• DeKalb official closed nearly 30K code enforcement cases without correcting them

    By: Richard Belcher


    DEKALB COUNTY, Ga. - Channel 2 Action News has learned that a senior DeKalb County official closed nearly 30,000 code enforcement complaints even though the problems had not been corrected.

    DeKalb County CEO Michael Thurmond has made cleaning up blight one of his top priorities, but he inherited a system in which one of the top county administrators closed tens of thousands of complaints by simply directing subordinates to close them. 

    Channel 2 Investigative Reporter Richard Belcher found out none of the underlying problems were fixed in the complaints, which stretched back as far as 10 years. A total of about 6,000 properties are involved. Most of the properties had multiple code complaints.

    Among the sites Channel 2 Action News visited Monday was an apartment complex on Waverly Place in Clarkston, where some of the buildings are uninhabitable, and an apartment building across the street on Indian Creek Way. Liberian immigrant Alfred Karlar told Belcher he moved out because of the filthy conditions.

    "There's a lot of things. The rat -- the little animals -- live here and a lot of roaches. Not fixed," he said.


    A whistleblower tipped Channel 2 to use the state open records law to request the records of 28,353 individual code compliance complaints that were declared closed in April and July of 2016. No one disputes what our whistleblower told us: None of the complaints had been officially resolved when they were closed.

    We spoke with Joe Arrington and Charles Peagler, longtime DeKalb residents who are on the county Code Enforcement Advisory Committee.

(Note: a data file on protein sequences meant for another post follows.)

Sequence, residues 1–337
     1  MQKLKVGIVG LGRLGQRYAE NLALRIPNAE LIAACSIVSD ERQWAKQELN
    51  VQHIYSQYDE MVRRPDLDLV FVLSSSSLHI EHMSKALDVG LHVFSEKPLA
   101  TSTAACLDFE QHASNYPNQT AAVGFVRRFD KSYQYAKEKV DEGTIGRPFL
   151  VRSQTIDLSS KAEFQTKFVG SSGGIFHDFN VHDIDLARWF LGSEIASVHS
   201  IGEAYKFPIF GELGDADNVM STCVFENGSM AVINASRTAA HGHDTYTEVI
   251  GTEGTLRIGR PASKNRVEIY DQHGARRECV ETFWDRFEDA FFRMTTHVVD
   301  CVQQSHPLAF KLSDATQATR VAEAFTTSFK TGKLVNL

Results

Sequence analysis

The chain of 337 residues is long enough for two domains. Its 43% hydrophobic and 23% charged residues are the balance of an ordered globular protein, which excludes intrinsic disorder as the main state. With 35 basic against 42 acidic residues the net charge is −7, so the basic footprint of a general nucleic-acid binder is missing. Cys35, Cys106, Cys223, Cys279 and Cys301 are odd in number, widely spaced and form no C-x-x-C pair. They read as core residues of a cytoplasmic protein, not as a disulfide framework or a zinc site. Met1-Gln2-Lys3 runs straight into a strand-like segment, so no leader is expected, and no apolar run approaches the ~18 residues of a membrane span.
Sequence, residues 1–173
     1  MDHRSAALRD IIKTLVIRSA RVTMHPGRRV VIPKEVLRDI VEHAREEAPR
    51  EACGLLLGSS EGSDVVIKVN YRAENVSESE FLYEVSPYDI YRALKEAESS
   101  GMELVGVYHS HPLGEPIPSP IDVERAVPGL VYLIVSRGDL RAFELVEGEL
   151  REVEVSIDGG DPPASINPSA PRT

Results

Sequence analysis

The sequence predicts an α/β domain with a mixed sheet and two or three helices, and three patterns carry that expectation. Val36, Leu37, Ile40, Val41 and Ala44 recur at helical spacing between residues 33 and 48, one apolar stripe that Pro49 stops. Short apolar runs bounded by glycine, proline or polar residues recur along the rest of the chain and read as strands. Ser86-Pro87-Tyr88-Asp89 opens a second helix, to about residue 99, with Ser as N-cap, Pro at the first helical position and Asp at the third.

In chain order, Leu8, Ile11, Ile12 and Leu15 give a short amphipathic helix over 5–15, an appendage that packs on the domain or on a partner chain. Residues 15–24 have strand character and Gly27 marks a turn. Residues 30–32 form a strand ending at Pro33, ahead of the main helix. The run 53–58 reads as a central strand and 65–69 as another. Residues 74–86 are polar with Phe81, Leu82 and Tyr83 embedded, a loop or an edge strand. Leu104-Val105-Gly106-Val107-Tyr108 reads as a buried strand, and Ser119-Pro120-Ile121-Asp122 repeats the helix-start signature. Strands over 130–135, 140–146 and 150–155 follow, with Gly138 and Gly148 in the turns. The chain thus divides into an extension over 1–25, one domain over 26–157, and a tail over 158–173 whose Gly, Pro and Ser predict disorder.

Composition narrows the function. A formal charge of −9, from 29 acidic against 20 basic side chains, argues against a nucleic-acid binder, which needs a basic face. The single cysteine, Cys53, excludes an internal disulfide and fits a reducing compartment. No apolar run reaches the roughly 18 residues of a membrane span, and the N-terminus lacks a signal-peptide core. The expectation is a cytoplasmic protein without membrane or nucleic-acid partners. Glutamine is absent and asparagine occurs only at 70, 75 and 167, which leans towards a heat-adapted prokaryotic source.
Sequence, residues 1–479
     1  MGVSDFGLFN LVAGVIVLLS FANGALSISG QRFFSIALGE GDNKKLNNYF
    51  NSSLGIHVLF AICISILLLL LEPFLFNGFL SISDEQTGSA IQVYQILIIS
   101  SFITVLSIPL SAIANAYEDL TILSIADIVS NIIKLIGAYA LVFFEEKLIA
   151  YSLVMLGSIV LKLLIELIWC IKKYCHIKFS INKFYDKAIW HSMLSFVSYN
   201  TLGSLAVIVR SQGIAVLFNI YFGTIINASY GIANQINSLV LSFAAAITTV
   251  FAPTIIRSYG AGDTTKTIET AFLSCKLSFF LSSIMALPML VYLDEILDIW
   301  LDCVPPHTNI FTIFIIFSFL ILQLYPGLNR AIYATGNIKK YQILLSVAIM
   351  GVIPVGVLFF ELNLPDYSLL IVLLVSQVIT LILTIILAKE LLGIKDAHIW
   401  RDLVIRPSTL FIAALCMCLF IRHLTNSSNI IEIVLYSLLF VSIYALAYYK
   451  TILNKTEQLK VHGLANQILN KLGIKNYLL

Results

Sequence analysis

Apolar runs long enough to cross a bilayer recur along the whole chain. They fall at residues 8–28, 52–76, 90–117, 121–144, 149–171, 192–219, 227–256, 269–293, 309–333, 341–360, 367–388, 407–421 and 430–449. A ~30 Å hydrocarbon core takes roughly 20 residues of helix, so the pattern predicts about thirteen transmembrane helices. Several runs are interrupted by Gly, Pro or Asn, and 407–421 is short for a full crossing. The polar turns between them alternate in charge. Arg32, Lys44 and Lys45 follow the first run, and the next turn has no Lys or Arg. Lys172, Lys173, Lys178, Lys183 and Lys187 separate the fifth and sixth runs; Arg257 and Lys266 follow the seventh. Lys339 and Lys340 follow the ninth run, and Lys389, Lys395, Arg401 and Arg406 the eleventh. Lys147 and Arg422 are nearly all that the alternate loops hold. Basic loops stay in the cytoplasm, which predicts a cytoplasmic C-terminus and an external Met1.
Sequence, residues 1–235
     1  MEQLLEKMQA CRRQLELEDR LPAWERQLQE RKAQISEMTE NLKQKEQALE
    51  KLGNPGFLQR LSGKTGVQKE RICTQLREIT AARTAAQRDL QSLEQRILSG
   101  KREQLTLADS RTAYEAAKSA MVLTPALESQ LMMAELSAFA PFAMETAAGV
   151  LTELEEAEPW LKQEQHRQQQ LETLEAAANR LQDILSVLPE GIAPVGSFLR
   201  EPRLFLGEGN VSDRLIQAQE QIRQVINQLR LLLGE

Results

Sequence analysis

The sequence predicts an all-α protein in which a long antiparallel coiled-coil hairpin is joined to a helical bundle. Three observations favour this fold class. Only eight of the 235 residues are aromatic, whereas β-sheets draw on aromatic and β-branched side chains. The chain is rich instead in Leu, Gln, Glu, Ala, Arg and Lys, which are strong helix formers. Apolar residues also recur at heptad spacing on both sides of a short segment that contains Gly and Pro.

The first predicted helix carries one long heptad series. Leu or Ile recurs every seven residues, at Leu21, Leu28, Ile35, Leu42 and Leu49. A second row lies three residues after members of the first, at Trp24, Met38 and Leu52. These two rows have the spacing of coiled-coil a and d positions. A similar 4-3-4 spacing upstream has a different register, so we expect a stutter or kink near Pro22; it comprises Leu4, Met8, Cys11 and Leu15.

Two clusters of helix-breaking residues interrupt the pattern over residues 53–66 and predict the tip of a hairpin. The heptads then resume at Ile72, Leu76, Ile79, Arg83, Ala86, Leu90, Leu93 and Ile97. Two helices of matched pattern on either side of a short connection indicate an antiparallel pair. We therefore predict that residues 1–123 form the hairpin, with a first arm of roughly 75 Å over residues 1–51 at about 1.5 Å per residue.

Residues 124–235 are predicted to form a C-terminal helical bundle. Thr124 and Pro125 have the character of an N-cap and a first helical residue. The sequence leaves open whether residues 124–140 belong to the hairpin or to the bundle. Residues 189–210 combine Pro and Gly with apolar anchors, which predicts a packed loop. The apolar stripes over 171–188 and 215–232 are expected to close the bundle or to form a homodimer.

"I don't think there's any visible, transparent process of how they handle old cases. They just sort of get wiped off," Arrington said.  

    Peagler agreed, saying, "There's nothing on the record for dismissing any cases."

    The complaints were closed on the orders of then-Code Enforcement Administrator Marcus Kellum, who resigned last month after a Channel 2 Action News investigation raised questions about his travel expenses and conflicts between his DeKalb County job and his private company. Kellum was promoted to director of Beautify DeKalb in May 2016, but retained responsibility for code enforcement.

    Peagler and Arrington both say Kellum isn't entirely to blame, because the entire code enforcement system has to be fixed.

    "There's no subject that's on more citizens' minds than code enforcement," Arrington told Belcher.

    Peagler says improvements in code enforcement are critical. "You know, if you clean up the county, we're going to get reputable businesses in the county," he said.

    County spokesman Quinn Hudson sent a statement intended to underscore the county's more aggressive posture on code enforcement without specifically criticizing Marcus Kellum. The statement reads in part, "Compared to 2016, the county’s code enforcement department issued 32 percent more court summons and performed 14 percent more inspections in 2017.”

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